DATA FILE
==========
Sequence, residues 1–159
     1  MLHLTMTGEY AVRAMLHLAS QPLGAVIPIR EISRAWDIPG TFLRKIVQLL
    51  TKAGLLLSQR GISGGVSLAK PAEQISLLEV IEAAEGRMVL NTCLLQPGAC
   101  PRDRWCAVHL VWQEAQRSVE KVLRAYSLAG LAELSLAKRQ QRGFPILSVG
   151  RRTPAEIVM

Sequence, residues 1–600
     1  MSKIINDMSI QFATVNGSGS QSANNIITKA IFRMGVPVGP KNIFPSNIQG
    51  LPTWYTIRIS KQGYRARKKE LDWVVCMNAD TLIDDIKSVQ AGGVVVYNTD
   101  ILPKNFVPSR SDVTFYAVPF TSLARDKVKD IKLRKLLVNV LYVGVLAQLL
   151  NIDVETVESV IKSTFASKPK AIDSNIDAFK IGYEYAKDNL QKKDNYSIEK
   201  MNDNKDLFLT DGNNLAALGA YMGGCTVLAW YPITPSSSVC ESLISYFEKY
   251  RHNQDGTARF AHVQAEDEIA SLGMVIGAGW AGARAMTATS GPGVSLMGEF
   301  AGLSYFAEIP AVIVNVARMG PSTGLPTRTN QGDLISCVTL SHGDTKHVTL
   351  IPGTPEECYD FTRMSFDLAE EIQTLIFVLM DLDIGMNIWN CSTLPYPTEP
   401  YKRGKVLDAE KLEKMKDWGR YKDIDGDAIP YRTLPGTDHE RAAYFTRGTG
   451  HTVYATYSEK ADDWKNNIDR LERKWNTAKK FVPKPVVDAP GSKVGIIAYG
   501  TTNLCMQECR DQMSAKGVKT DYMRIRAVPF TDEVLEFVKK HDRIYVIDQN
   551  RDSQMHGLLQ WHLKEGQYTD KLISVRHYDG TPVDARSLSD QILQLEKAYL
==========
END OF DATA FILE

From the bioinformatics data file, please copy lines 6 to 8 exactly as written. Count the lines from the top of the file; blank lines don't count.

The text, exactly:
Sequence, residues 1–600
     1  MSKIINDMSI QFATVNGSGS QSANNIITKA IFRMGVPVGP KNIFPSNIQG
    51  LPTWYTIRIS KQGYRARKKE LDWVVCMNAD TLIDDIKSVQ AGGVVVYNTD